The study was conducted by a team of scientists at the London Institute of Medical Services, who trained the software to analyze blood tests and intricate 3D models of beating hearts in order to detect signs of failure. The AI was assigned 256 patients diagnosed with pulmonary hypertension, a type of high blood pressure which impacts the lungs and can cause dizziness, fainting, and shortness of breath.
By tracking the movement of 30,000 different points on a patient’s heart, it was able to construct an intricate 3D scan of the organ. Combining these models with patient health records going back eight years, the system could learn which abnormalities signaled a patient’s approaching death, making predictions about five years into the future.
The AI predicted with 80 percent accuracy which patients would die in the next year. The average doctor’s accuracy is about 60 percent.
Treatments for pulmonary hypertension include drugs, lung transplants, and targeted medicines, but the choice of treatment depends on the prognosis. As a result, an AI with such high accuracy can help physicians better treat patients.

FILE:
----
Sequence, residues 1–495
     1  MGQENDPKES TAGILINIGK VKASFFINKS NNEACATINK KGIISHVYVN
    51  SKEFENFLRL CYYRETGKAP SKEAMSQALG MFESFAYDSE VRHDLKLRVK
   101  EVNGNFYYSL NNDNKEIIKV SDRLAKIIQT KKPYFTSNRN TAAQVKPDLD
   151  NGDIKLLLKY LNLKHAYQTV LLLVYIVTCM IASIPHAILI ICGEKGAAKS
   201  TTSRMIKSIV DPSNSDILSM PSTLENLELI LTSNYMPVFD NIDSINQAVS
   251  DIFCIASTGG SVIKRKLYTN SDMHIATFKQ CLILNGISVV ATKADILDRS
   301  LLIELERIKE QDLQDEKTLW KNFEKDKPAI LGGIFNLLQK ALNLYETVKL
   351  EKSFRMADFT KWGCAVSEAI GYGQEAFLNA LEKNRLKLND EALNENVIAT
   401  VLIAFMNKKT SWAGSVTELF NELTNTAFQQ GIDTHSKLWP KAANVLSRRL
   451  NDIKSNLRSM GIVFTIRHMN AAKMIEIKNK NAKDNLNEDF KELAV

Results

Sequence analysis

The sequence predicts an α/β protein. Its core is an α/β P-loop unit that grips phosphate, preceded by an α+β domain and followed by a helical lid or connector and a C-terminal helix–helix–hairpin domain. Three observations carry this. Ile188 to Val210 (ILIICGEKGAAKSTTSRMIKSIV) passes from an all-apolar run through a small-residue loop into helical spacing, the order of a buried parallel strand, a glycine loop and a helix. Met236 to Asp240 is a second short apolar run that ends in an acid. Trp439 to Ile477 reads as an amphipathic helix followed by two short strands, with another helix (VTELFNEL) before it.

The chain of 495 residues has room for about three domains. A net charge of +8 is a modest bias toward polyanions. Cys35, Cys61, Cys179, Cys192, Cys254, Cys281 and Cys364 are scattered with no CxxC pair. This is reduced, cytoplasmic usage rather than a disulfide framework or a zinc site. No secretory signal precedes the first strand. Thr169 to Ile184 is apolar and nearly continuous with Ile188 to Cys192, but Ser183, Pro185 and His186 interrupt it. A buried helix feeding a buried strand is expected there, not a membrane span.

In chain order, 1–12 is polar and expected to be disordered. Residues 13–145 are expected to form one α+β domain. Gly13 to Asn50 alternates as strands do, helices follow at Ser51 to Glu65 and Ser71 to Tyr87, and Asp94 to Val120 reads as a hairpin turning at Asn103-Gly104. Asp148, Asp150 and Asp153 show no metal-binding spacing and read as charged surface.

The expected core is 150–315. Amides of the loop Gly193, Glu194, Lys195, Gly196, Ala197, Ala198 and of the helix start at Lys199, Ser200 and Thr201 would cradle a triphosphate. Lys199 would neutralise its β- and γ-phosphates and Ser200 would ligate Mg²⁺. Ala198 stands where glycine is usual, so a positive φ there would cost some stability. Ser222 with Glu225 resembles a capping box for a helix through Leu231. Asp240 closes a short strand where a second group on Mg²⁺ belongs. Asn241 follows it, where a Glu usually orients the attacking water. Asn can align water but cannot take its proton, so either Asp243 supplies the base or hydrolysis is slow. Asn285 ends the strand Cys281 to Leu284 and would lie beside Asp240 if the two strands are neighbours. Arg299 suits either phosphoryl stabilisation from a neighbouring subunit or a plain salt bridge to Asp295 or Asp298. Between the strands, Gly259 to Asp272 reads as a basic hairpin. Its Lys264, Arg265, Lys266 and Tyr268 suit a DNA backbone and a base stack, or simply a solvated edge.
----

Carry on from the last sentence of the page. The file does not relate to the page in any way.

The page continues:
“The AI really allows you to tailor the individual treatment,” Dr. Declan O’Regan, one on the researchers, told BBC News. “So it takes the results of dozens of different tests including imaging, to predict what’s going to happen to individual patients very accurately. So we can tailor getting absolutely the right intensive treatment to those who will benefit the most.”
AI software is becoming increasingly adept at diagnosing diseases. In July, Google announced success in diagnosing eye disease using machine learning software. A month earlier, researchers from Harvard Medical School (HMS) and Beth Israel Deaconess Medical Center (BIDMC) demonstrated a system that could detect breast cancer with 92 percent accuracy. When combined with the analysis of pathologists, that rate shot up to 99.5 percent.
“We expect the deep pathology network to continue to improve as it is trained on increasingly large and diverse pathology data sets,” Andrew Beck, Harvard professor and co-author of the study, told Digital Trends.
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